Reinforcements on the way? Dodgers see positive signs from Walker Buehler, Blake Treinen

Los Angeles, CA, Wednesday, Sept. 30, 2020 - Los Angeles Dodgers starting pitcher Walker Buehler.
Dodgers starter Walker Buehler pitches in Game 1 of the wild-card series against the Brewers in 2020. (Robert Gauthier / Los Angeles Times)

The Dodgers’ pitching hasn’t been all that formidable for most of this season.

Come October, however, they are hoping the group will look a whole lot different.

On Thursday, the club will welcome Clayton Kershaw back to the rotation, set to activate the three-time Cy Young Award winner from the injured list following his six-week absence because of a shoulder injury.

Over the next couple of months, the Dodgers are optimistic about having other injured pitchers return to health too, getting positive updates about several rehabbing arms during their two-game series in Arizona this week.

Walker Buehler and Blake Treinen faced hitters in a simulated game at Chase Field on Wednesday, their first live action since undergoing surgeries last year.

Read more: Clayton Kershaw, Walker Buehler could return to rotation soon as Dodgers sweep A’s

Reliever Shelby Miller also checked in with the team, as he continues a rehab assignment at their nearby Camelback Ranch spring training complex.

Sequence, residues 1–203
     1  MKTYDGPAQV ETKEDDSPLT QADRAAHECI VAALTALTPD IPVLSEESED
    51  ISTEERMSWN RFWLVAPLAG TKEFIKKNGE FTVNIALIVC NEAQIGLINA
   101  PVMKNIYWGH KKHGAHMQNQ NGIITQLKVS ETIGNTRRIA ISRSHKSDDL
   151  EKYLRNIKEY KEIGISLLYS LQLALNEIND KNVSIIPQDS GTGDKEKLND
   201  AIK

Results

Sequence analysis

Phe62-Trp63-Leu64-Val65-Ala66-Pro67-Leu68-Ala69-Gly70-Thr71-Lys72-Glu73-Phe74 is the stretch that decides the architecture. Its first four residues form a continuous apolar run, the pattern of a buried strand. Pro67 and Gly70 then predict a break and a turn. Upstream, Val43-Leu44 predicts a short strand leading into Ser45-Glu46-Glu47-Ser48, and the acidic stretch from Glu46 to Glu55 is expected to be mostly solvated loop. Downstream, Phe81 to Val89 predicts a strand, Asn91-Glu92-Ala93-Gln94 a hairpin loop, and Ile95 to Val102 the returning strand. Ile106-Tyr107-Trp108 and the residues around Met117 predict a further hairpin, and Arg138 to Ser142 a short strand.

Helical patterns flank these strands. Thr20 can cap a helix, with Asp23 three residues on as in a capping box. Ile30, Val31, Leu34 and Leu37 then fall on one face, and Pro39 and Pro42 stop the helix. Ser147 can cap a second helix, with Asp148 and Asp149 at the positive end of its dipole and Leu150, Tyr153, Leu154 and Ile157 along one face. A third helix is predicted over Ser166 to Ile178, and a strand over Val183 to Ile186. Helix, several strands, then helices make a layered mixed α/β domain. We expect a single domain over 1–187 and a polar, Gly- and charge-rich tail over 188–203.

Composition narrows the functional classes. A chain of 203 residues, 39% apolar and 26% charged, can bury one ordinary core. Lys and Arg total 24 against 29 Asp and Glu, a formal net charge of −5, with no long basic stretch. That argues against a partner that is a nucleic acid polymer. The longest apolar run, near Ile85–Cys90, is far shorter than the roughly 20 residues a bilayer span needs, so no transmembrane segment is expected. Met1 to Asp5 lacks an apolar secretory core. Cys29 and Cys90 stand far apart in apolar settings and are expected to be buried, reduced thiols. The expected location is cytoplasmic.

All three have hurdles to clear in their recoveries, but each remains in play to return by the end of the season.

And despite the Dodgers’ first-place position in the National League West, that trio represents potential — and much-needed — reinforcements for a pitching staff that still ranks just 19th in the majors in earned-run average.

“We’re gonna have some tough decisions,” manager Dave Roberts said of a potential postseason pitching staff, “which is a good thing.”

Buehler is the biggest X-factor in the Dodgers’ stretch-run pitching plans.

When the All-Star right-hander initially underwent Tommy John surgery last August — the second time in his career he underwent the reconstructive elbow procedure — his chances of contributing in 2023 seemed slim.

However, Buehler began a throwing progression during spring training. He’d been ramping up his bullpen sessions while rehabbing in Arizona in recent weeks. And on Wednesday, his velocity was up to 93 mph in the one-inning sim game, putting him on pace to be back in the mid-90s within the next couple of months.

“It went really well,” Roberts said. “Much better than I expected.”

Buehler acknowledged his original goal of rejoining the Dodgers by Sept. 1 is no longer realistic. He’ll still need “a handful” of more sim games before even going out on a rehab assignment.

Read more: Walker Buehler aims to be back by September. Dave Roberts isn’t so sure

However, the pitcher remains confident of returning in some capacity before the end of the regular season.